Skip to content

How to make sense of property price predictions

How to make sense of property price predictions

What impact has COVID-19 had on property prices? And are the dire predictions of some experts likely to come true? Price predictions are all over the place at the moment, leaving buyers and sellers understandably confused. Here’s how to make sense of the situation, and why for some people, buying now might be an excellent choice.

Why auction clearance rates aren’t a good indicator

While there has been a lot of fevered speculation about property prices during the pandemic, the Australian real estate market seems to be holding strong for now. Growth has slowed in most of the capital cities, with small price drops in Melbourne and Sydney.

The ban on auctions had a bigger impact on the east coast, where sellers are more likely to choose that selling method. CoreLogic reports a more-than-50% drop in auction clearance rates during April 2020, from around 70% to just 30.2%, setting alarm bells ringing.

However, don’t be too quick to panic. While auction clearance rates are usually strongly linked to property growth, these aren’t normal times. Usually when an auction is cancelled, it’s recorded as ‘passed in’, meaning the seller didn’t achieve their price. In this case, it’s clear that something else is happening. A lot of sellers are simply deciding to hold off for now and stay put while the global situation is unsettled. Others are simply switching to private treaty campaigns.

Price changes vary across the country

Where there are declines, they aren’t consistent across the country. Melbourne and Sydney have the most reliance on net migration levels and foreign investment in real estate — both things that have dropped off sharply and are unlikely to bounce back any time soon. Brisbane, too, is heavily reliant on Asian students, tourists and investors, which might leave it exposed.

It also depends on the economy of the region. Canberra and Adelaide, both of which employ a large percentage of public sector workers, haven’t seen the same rise in unemployment as, say, Tasmania with its greater reliance on tourism. The mining industry is relatively insulated, which helps Western Australia and the Northern Territory stay steady, while pockets of Western Sydney with a lot of hospitality workers may feel extra pain.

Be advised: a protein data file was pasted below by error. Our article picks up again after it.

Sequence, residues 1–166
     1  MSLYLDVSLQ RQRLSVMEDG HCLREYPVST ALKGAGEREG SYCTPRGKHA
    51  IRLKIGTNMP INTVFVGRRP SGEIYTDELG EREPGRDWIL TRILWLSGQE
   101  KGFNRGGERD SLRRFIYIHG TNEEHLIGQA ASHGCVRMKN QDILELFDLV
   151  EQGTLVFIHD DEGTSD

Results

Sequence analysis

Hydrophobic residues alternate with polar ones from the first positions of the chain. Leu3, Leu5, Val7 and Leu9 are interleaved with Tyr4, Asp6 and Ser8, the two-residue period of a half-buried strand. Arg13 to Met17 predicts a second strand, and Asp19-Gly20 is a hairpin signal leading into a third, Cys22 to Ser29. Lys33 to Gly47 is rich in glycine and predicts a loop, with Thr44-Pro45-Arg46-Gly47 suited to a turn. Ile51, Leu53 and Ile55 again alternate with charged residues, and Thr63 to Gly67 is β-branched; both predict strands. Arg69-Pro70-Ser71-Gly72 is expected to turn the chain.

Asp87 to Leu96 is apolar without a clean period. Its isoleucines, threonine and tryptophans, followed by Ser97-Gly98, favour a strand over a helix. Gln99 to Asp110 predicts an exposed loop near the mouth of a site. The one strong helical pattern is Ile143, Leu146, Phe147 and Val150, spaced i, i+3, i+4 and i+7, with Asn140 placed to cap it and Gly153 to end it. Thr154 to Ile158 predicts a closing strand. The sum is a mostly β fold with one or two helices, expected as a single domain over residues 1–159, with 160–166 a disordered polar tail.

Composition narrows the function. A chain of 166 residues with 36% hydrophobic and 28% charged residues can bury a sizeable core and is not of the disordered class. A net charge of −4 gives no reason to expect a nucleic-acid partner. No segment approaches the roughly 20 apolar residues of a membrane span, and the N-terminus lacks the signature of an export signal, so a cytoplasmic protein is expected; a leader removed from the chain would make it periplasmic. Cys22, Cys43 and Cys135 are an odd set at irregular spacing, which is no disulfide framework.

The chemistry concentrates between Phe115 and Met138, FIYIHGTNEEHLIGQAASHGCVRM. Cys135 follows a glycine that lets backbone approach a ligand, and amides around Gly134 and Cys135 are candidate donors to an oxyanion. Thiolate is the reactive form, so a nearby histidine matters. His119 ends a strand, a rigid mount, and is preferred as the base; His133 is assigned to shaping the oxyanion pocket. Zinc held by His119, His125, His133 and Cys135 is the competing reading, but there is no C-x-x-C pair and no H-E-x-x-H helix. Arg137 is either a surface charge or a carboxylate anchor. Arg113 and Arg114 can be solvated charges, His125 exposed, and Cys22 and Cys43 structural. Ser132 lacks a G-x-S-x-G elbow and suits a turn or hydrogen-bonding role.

For some, now is the best time to buy real estate

What does this mean for you? If you’re in secure employment, now might be a fantastic time to get into the property market. First home buyers in particular can benefit from more affordable prices to finally get their foot on the ladder. Long term investors who want to buy and hold can also benefit, especially those with healthy loan-to-value ratios and income.

It’s also important to note that the fundamentals of the market haven’t really changed. We have been hit with a ‘black swan’ event — one we couldn’t have seen coming and which has caused unprecedented change.

Underneath, the Australian love of property continues unabated.

How versatile agents can get great results

In fact, agents who have stayed agile and worked with the new situation have been able to achieve some amazing results.

At Elders, we’ve pivoted to a digital space that allows us to carry on business as usual — a little bit differently.

From live-streaming walk-throughs so that potential buyers can view the property and ask questions in real time to virtual auctions, we’ve risen to the challenge. If you want to know how much your home is worth, we’ve also put virtual appraisal procedures into place to help.